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More small wonders that have changed our lives

Photos

A stovetop toaster used in kitchens in the late 19th centuryElectrolux Nero Series ToasterA man using a drum sieveElectrolux Blender

We may take great pleasure at grand romantic gestures like the World Wonder that is the Taj Mahal but it’s the small wonders in life that get us through the mundaneness of day to day living. Small appliances have made huge strides in improving our quality of life, and in this second instalment on small appliances, we look at how the electric toaster and blender have made happier homemakers .

The Toaster

Families the world over today wake up to perfectly browned bread from their home’s electric toaster, although toast itself pre-dates electricity. It was said the Romans first toasted bread as a means of preserving this food staple. The Latin word tostum – to scorch or burn – in fact, was the origin of the word toast.

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A stovetop toaster used in kitchens in the late 19th century
Photo Credit: Antiques Navigator

Early toast was made by holding it over a fire or lying them on a hot stones, while early toasters were simply wire frames built for sitting over open fires.  Burning toast was a much easier – if unintended – affair in those days.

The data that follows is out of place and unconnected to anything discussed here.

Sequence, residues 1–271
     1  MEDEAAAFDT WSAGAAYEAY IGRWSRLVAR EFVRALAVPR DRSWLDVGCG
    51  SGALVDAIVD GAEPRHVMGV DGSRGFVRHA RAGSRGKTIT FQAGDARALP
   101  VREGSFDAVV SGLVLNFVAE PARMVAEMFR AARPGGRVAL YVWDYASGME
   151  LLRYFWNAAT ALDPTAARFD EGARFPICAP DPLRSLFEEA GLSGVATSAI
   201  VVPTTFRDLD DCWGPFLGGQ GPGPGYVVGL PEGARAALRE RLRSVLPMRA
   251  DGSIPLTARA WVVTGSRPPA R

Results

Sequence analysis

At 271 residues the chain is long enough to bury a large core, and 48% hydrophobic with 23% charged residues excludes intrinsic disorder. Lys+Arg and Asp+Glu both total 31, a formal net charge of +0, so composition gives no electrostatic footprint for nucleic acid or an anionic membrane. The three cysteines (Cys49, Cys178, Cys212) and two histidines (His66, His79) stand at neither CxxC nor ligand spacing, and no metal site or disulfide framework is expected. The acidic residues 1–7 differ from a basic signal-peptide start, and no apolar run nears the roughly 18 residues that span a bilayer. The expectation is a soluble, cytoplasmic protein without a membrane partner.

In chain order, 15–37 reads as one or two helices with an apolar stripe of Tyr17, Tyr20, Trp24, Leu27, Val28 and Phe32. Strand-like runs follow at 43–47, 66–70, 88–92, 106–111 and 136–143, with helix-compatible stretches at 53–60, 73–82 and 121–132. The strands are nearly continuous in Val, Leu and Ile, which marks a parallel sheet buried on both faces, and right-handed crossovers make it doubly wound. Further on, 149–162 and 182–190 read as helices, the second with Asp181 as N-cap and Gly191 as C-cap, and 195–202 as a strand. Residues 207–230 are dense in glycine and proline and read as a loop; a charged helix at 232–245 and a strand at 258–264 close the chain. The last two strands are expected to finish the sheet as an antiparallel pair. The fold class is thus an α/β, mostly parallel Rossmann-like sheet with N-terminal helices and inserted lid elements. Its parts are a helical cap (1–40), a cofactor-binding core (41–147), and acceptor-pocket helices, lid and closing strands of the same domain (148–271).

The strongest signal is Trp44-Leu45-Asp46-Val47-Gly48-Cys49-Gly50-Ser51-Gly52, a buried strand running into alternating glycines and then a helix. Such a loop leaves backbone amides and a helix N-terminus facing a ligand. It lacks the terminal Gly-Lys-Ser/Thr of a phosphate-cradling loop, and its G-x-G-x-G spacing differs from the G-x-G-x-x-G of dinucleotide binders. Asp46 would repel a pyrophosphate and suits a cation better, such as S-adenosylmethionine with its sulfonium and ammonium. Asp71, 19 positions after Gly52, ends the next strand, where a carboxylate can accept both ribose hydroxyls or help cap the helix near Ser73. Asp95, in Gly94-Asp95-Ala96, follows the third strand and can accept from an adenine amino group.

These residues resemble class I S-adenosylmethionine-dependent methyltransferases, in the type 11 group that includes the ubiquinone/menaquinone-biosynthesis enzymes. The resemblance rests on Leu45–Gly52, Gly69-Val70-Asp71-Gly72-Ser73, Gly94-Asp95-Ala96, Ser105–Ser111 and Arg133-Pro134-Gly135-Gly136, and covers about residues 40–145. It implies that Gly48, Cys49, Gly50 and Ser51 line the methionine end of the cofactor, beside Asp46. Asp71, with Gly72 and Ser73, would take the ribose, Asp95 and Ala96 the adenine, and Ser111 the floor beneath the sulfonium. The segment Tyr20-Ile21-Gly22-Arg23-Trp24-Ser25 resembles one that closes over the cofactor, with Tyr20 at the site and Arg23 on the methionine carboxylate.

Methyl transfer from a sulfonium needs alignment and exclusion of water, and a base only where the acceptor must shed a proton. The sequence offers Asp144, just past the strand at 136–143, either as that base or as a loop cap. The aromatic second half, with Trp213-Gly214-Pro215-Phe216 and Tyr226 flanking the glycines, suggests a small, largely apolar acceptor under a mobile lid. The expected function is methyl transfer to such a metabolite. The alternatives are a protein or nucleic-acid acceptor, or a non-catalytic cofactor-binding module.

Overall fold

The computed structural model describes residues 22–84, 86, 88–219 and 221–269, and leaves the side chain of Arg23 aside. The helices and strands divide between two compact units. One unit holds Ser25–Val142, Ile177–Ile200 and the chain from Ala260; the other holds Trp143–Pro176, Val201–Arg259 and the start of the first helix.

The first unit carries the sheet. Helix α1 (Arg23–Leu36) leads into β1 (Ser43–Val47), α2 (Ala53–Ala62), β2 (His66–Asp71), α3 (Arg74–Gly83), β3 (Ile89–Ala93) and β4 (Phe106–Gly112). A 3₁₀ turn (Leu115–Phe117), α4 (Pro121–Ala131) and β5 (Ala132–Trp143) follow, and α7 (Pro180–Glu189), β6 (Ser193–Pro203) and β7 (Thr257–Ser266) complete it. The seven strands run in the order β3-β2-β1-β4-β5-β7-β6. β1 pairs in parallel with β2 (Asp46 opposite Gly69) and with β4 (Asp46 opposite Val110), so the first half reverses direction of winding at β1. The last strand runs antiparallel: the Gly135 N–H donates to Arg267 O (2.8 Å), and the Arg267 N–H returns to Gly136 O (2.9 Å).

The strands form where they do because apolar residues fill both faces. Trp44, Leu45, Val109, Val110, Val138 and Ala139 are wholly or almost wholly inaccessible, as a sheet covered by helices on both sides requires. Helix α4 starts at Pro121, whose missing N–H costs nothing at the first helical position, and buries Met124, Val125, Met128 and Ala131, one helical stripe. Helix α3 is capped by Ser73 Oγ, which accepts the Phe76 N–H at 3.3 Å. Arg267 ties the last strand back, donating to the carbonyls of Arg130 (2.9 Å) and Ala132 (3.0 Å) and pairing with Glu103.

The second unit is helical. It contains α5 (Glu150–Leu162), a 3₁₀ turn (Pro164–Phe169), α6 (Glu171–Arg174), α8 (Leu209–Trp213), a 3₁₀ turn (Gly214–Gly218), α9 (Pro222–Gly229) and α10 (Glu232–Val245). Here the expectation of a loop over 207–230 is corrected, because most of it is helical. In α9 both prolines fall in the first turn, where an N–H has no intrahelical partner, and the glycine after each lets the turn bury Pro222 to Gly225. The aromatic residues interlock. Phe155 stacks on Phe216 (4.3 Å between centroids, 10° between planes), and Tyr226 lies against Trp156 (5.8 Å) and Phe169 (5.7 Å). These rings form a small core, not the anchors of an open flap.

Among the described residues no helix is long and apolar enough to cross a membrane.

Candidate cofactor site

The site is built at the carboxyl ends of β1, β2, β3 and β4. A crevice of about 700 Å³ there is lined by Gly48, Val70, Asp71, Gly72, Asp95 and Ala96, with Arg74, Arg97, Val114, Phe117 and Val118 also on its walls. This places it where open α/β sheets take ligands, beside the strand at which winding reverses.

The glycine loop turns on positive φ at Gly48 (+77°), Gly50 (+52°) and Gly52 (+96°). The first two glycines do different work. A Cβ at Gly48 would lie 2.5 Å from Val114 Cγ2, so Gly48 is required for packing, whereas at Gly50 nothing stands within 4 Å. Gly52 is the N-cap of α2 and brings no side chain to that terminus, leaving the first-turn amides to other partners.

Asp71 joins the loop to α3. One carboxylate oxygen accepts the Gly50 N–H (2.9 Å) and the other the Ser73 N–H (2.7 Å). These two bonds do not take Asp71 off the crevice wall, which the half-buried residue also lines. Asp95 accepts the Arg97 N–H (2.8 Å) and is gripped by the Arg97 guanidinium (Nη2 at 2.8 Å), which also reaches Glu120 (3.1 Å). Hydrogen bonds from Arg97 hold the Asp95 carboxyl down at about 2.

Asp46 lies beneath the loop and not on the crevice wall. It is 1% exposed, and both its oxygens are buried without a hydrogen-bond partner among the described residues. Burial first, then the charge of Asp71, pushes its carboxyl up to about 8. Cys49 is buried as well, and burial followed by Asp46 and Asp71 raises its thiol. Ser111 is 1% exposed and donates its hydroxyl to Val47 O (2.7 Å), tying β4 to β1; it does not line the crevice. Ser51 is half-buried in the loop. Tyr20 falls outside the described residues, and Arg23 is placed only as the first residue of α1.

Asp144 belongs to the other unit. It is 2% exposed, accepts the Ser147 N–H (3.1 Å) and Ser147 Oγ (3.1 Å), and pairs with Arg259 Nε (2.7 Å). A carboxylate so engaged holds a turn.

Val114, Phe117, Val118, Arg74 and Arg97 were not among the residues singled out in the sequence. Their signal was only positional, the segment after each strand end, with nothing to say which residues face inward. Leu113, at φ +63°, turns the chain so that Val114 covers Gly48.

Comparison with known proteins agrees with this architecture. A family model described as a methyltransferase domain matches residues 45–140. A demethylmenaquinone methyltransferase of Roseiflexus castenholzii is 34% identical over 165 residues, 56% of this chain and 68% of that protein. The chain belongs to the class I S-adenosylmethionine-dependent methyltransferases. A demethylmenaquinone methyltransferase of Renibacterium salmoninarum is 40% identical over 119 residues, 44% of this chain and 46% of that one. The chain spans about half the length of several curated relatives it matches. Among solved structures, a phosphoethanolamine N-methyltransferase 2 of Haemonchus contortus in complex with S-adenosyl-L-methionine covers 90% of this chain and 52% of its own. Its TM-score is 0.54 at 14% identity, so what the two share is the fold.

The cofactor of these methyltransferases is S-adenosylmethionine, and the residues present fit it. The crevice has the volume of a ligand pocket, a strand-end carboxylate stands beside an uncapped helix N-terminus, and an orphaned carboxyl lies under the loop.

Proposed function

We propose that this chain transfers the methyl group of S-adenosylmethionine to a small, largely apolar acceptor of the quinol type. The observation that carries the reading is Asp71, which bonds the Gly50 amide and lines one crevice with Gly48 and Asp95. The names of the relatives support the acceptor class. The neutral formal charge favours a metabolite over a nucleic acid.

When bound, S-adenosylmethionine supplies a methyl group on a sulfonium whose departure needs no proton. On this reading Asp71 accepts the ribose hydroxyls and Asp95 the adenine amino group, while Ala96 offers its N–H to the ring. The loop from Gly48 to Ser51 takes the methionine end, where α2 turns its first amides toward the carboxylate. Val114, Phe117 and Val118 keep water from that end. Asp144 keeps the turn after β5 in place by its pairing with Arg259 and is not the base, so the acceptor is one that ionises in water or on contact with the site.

By the 17th century, they had become such an important part of the British breakfast that early colonists in America brought complex hearth toasters that could hold several pieces of bread at once in a four-legged, wrought iron rack.  By the 1890s, stovetop toasters were made of perforated sheet iron and the pryramid-shaped device had wire supports for bread on four sides

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Electrolux Nero Series Toaster

Fast-forward to the present time, where toasters like the Nero by Electrolux uses sensor-controlled toasting that allows you to set the crispiness of your bread. It doesn’t stop there. Its auto-centering function keeps toast in the center for optimal results and comes with a detachable crumb tray for easy cleaning.

Perhaps the greatest thing since sliced bread literally is the electric toaster, for immeasurably improving our enjoyment of sliced bread.

Blenders

They chop, grind, puree and blend, all in a matter of seconds. Blenders today are a boon to the working mother desiring to cook good meals for their families. After all, their mothers can still recall spending hours in the kitchen grinding spices with a pestle and mortar, as humans did as early as 1500BC, according to the ancient Egyptian medical text, the Ebers Papyrus.

Before the blender, food processing was even bad for your back. Frequent use of quern-stones, used since the Neolithic age to grind grains, spices and other food ingredients, inflicted great pressure and often, pain, to the toes, knees hips and lower back.

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A man using a drum sieve

It got better in the Middle Ages, although not by much. Creating a Puree in those days was done via drum sieve, a utensil shaped like a snare drum with a sieve. Ingredients were then strained through the mesh with a scraper or pestle.

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Electrolux Blender

So praise the domestic powers that be for electric blenders so powerful that they can crush ice for your smoothies or grind ingredients in seconds at the turn of a knob. After all, after a hard day’s work, the last thing one wants is to face another grind at home.

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